THE RISE AND FALL OF THE DIDASKALOCRACY – ii. The Will to Power vs. The Will to Truth


What has first to have itself proved is of little value. Wherever authority is still part of accepted usage and one does not “give reasons” but commands, the dialectician is a kind of buffoon: he is laughed at, he is not taken seriously.—Socrates was the buffoon who got himself taken seriously: what was really happening when that happened?[i]

Friedrich Nietzsche


Friedrich Nietzsche, though a great mind, was in some ways a weak man. He teaches us more about the darker reaches of the human spirit than perhaps any other thinker. The reason he is so revelatory on such matters, I suggest, is that his own life was one marked—we might even say marred—by a sense of failure, including, and especially, his failure to disregard failure, as even, or especially, the greatest men must learn to do. This weakness, and the sense of isolation it engendered, may have driven him to his greatest insights, but also, perhaps, to the delusions that increasingly typify his mature thought: that he was unique among Germans, alone among men, and superior as a god is superior to his creations. His feelings of hyperboreanism made him great. They also made him small, more “German” than he wished to be, and as such more destructive than he needed to be.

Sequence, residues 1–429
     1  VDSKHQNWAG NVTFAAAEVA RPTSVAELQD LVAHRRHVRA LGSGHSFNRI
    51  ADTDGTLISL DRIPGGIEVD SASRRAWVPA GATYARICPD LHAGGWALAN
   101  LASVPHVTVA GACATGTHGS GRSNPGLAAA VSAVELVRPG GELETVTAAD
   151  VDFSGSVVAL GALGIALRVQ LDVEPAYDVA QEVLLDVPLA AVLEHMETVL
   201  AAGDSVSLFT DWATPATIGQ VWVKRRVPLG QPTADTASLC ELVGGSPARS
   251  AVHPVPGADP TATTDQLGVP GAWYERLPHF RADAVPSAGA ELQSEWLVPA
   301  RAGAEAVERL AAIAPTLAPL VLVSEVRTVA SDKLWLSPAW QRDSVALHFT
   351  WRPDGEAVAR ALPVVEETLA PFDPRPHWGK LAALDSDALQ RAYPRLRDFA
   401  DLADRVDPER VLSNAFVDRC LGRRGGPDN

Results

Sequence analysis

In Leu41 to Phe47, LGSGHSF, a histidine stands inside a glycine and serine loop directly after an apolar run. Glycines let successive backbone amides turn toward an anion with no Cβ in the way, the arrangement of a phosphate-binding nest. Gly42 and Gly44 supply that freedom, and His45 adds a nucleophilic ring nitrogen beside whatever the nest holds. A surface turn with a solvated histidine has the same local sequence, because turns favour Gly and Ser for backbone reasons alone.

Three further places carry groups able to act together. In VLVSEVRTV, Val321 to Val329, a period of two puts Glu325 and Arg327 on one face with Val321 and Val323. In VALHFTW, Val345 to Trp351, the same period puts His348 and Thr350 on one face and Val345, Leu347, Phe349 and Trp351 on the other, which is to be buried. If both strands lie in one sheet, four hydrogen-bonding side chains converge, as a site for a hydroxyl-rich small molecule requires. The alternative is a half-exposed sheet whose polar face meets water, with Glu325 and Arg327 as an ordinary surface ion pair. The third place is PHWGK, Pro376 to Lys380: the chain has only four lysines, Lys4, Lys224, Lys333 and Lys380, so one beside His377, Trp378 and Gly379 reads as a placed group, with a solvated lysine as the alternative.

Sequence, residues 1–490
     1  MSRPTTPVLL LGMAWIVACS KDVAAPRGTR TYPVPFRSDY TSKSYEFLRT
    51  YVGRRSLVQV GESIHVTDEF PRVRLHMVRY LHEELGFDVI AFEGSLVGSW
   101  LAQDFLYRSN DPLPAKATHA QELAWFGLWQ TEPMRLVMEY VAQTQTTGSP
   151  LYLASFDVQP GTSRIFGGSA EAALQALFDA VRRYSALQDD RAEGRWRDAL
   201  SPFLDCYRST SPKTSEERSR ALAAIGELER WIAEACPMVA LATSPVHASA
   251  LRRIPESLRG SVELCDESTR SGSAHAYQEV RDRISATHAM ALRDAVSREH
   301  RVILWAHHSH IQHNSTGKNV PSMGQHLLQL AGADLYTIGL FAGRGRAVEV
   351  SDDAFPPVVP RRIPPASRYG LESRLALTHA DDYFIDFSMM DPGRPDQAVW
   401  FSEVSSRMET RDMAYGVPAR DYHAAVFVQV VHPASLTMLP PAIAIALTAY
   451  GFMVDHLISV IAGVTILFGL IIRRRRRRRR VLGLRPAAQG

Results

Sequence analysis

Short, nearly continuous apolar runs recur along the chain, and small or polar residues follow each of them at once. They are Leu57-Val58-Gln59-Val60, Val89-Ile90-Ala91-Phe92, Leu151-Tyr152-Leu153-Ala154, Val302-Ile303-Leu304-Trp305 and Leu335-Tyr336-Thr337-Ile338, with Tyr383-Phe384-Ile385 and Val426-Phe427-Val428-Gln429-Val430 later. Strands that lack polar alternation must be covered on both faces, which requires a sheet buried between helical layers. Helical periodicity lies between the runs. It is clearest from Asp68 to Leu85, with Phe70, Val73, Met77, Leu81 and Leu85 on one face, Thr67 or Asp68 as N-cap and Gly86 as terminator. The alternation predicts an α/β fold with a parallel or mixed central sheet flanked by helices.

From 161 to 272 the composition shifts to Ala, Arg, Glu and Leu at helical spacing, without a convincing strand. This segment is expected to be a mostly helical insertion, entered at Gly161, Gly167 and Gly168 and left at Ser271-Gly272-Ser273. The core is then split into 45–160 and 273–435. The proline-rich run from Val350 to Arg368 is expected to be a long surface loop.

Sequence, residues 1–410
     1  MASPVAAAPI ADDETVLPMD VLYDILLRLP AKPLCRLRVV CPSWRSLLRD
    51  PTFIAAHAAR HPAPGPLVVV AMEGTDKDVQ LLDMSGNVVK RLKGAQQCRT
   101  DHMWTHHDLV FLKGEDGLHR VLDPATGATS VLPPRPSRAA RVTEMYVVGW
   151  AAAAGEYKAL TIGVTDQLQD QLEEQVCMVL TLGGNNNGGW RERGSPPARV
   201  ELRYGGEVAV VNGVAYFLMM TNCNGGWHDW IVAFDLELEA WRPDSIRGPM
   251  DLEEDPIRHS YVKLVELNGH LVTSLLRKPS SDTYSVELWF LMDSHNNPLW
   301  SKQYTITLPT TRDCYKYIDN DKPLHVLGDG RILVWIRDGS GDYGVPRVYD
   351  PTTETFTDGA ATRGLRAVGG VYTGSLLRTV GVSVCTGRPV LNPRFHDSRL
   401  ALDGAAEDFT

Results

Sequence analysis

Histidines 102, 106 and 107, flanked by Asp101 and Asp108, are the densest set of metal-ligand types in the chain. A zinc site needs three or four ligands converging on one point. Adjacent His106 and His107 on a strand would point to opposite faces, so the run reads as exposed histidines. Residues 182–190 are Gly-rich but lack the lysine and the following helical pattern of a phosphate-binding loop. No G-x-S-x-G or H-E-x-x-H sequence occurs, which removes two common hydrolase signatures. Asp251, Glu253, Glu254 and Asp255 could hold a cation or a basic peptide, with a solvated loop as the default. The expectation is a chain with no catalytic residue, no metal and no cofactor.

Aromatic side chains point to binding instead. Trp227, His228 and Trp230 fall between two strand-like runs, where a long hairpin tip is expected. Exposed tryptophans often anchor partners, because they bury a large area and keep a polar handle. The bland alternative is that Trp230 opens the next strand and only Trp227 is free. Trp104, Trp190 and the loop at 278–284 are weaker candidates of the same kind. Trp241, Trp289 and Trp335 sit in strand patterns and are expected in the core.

A chief theme of Nietzsche’s mature thought is his concept of the will to power,[ii] which he casts as the primary drive of man, and depicts as the true meaning—and therefore the refutation—of what he calls the “will to truth,” meaning philosophy in the traditional sense. Though the German idealists had already led modernity’s deliberate turn away from the Socratic philosophical tradition, Nietzsche, idealism’s most profound German critic, was the first important philosopher to go right to the heart of the matter and comprehensively reject Socrates himself. This rejection signaled the demise of Western civilization understood as the evolution of the science of being, eudaimonistic virtue ethics (happiness-based morals), and—most importantly for our purposes—the educational primacy of the Socratic opinion-into-ignorance-into-philosophy dialectic, with its corollary, the elevation of the teacher. In place of these things came a new kind of philosophy deeply rooted in psychology; not in the psyche—the old Greek soul with its natural aims and its struggle for control between reason and the passions—but in the notion of man as essentially a pool of drives without any natural goal other than to spend themselves.